Manhattan Breast Health Partnership
American Cancer Society, 19 West 56th Street, 3rd floor, 212-237-3910

The American Cancer Society offers free mammograms and Pap smears to uninsured and under-insured women with an income no higher than 2.5 times the current federal poverty line. Women 18 and over are eligible for a clinical breast exam and pelvic exam with Pap smear; you must be 40 and over or have a family history of breast cancer to receive a mammogram. Callers will be referred to one of the Society’s mobile units, regularly available in all the boroughs.

Women and Family Services, Gay Men’s Health Crisis,
119 West 24th Street, 6th floor, 212-807-6655,

This nonprofit offers an array of services for women and families living with HIV/AIDS, as well as for those at risk. They include crisis intervention, child sitting, legal workshops, and alcohol and substance abuse counseling.

Emotional Well-Being

Caregivers and Professional Partnership Resource Center
Mount Sinai Hospital, 19 East 98th Street, 9th floor, Suite 9E, 212-241-2277,

The center helps caregivers locate neighborhood services and programs to assist them, including organizations that provide respite care, at no charge. Bilingual services for Spanish speakers are also available.

Domestic Violence Hotline
1-800-621-HOPE, or 311,

The NYC Mayor’s Office to Combat Domestic Violence runs this 24-hour hotline, which offer information on shelters, counseling, legal assistance, and healthcare. The office also provides an array of services for victims, from permanent housing to emergency cell phones.

Inter-Group Association of Alcoholics Anonymous of New York
307 Seventh Avenue, Room 201, 212-647-1680,

There are meetings for recovering alcoholics every day of the week in every borough, including dozens of women-only support groups. Meetings are free and open to anyone with a desire to stop drinking.

The Lesbian, Gay, Bisexual & Transgender Community Center
208 West 13th Street, 212-620-7310,

The center provides mental health services, including those that address the unique emotions associated with gender transition. There are also programs such as the Lesbian Cancer Initiative, which makes available free short-term counseling and support groups for cancer survivors and care partners.

800-LIFE-NET (English), 877-298-3373 (Spanish), 877-990-8585 (Mandarin or Cantonese), 212-982-5284 (TTY for the hearing impaired)

This telephone crisis hotline run by the Mental Health Association of New York provides crisis intervention, as well as information on free or low-cost mental health care, including referrals. Treatment options for drug and alcohol abuse are also given.

Women’s Program at Payne Whitney Manhattan
525 East 68th Street, 888-694-5700,

This psychiatry program offers a variety of mental health services geared specifically toward women, as they are much more likely than men to experience anxiety or depression during their lives. Among the life events that may be triggers: infertility, pregnancy, pregnancy loss, menopause, breast cancer, and domestic violence. Ethnic and cultural considerations are also taken into account.

Diet & Body Image

National Association of Anorexia Nervosa and Associated Disorders

This nonprofit organization provides free support groups, treatment referrals, and information to both individuals struggling with eating disorders and their family members. The hotline is open Monday through Friday from 10 a.m. to 6 p.m.

The New York Obesity Research Center
St. Luke’s—Roosevelt Hospital Center, 1090 Amsterdam Avenue, 212-523-4196,

The mission of the center is to conduct research to help reduce the incidence of obesity. The center also has an outpatient weight-loss program that includes a full physical with blood work, followed by a dietician-designed food plan and weekly group meetings.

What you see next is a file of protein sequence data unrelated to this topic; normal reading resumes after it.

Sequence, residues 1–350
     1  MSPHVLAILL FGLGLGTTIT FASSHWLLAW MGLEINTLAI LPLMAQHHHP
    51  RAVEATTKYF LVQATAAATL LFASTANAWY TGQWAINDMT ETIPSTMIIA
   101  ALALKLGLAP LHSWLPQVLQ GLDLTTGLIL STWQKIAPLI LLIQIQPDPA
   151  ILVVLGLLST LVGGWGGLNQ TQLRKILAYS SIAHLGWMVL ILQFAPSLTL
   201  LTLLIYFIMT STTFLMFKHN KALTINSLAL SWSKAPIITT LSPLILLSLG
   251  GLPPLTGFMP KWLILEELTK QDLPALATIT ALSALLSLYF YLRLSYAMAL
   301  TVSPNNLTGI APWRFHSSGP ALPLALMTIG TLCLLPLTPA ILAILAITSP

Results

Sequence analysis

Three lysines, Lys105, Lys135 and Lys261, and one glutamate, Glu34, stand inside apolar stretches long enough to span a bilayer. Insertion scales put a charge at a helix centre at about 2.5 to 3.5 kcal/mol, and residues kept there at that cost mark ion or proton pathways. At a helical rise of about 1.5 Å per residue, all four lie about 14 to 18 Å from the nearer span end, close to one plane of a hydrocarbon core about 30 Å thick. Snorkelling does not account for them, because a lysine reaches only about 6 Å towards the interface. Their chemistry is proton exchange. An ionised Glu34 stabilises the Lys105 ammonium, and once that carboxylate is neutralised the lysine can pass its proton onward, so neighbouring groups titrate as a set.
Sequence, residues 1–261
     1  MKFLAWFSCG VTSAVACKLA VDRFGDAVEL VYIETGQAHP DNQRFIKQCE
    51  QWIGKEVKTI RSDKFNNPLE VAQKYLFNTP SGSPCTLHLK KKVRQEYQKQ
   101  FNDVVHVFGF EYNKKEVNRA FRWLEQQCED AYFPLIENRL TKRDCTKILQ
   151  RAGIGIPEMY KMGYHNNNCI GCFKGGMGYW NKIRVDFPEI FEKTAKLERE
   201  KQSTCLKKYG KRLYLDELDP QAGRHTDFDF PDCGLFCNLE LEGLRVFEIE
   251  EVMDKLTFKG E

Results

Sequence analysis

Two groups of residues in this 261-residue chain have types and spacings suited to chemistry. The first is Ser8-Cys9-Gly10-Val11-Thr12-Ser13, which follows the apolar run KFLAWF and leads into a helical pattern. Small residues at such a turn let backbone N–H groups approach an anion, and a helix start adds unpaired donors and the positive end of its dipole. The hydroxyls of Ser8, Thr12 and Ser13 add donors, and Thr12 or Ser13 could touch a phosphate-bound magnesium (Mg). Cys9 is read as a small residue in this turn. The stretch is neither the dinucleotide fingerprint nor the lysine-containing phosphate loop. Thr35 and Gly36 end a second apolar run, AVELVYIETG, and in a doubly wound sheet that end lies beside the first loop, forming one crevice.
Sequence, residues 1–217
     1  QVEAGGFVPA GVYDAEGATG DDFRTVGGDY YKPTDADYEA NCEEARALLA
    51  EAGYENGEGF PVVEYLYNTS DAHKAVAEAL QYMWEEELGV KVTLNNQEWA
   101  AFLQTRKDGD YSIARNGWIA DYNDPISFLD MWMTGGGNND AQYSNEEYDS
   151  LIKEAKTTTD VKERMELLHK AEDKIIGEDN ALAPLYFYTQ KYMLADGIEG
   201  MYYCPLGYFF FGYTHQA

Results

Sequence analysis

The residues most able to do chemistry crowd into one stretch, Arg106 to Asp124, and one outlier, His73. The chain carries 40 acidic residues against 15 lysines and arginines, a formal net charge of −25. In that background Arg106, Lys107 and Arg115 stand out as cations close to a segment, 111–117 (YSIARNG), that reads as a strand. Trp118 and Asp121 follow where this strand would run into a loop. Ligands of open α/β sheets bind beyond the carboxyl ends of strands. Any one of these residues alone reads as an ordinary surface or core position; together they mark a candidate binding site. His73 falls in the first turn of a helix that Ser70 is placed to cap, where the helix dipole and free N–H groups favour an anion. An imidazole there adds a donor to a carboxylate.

The Renfrew Center of New York
11 East 36th Street, 800-RENFREW,

This offshoot of the Philadelphia clinic, the nation’s first freestanding facility dedicated to treating eating disorders, offers outpatient services such as therapist-led support groups and young-adult psychotherapy groups.

Sexual Well-Being

New York City Department of Health and Mental Hygiene STD Clinics
Multiple locations, 311 or 212-427-5120,

The city’s health department has free, confidential STD clinics in all five boroughs, as well as medication and follow-up treatment. The clinics also offer emergency contraception, vaccines for hepatitis A and B, and HIV/AIDS testing on a confidential or anonymous basis, all at no charge.

New York Center for Human Sexuality
Columbia University Medical Center, Irving Pavilion, 11th floor, 161 Fort Washington Avenue, 212-305-0123

The center performs research and provides care relating to female sexual dysfunction, including problems with desire, arousal, orgasm, and pain caused by sexual activity. Hormone therapy, sex therapy and marital counseling are among the available treatment options.

The Women’s Sexual Health Foundation

From information pamphlets and public seminars to lists of support groups and health care specialists, this nonprofit provides a range of resources to educate the public and medical community on female sexuality. Among the topics explored: the difficulties with desire and arousal associated with female sexual dysfunction, and communicating such problems with your doctor.

Aging & Menopause

American Menopause Foundation
350 Fifth Avenue, Suite 2822, 212-714-2398,

The nation’s only independent nonprofit health organization dedicated to menopause provides up-to-date information on scientific research, as well as a network of volunteers who do community outreach.

The Mount Sinai Visiting Doctors Program
1 Gustave L. Levy Place, 212-241-4141,

This program provides medical care for the homebound elderly, including those who are uninsured. Visiting doctors make both routine and urgent visits, provide diagnosis and treatment and coordinate ongoing care with community groups and other health care professionals.

Osteoporosis Prevention Center at the Hospital for Special Surgery
635 Madison Avenue, 5th floor, 212-224-7935,,

This center is part of the New York State Osteoporosis Prevention & Education Program, an initiative aimed at increasing awareness of the disease, which causes bones to become thin and weak, and is often associated with menopause or advanced age. It offers bone density testing and individualized treatment, as well as community outreach, including free lectures to organizations.